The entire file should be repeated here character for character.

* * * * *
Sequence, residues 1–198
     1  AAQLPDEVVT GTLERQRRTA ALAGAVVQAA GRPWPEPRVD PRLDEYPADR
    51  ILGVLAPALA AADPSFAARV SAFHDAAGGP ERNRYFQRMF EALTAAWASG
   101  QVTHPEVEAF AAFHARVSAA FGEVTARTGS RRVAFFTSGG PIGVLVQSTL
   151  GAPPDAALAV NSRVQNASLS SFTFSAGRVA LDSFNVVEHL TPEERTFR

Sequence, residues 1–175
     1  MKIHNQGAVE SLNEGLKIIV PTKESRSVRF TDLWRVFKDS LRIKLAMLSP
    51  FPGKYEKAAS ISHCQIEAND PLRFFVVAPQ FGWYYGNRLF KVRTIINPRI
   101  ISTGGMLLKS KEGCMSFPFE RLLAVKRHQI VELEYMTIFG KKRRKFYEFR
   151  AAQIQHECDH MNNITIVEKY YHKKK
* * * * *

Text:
Sequence, residues 1–198
     1  AAQLPDEVVT GTLERQRRTA ALAGAVVQAA GRPWPEPRVD PRLDEYPADR
    51  ILGVLAPALA AADPSFAARV SAFHDAAGGP ERNRYFQRMF EALTAAWASG
   101  QVTHPEVEAF AAFHARVSAA FGEVTARTGS RRVAFFTSGG PIGVLVQSTL
   151  GAPPDAALAV NSRVQNASLS SFTFSAGRVA LDSFNVVEHL TPEERTFR

Sequence, residues 1–175
     1  MKIHNQGAVE SLNEGLKIIV PTKESRSVRF TDLWRVFKDS LRIKLAMLSP
    51  FPGKYEKAAS ISHCQIEAND PLRFFVVAPQ FGWYYGNRLF KVRTIINPRI
   101  ISTGGMLLKS KEGCMSFPFE RLLAVKRHQI VELEYMTIFG KKRRKFYEFR
   151  AAQIQHECDH MNNITIVEKY YHKKK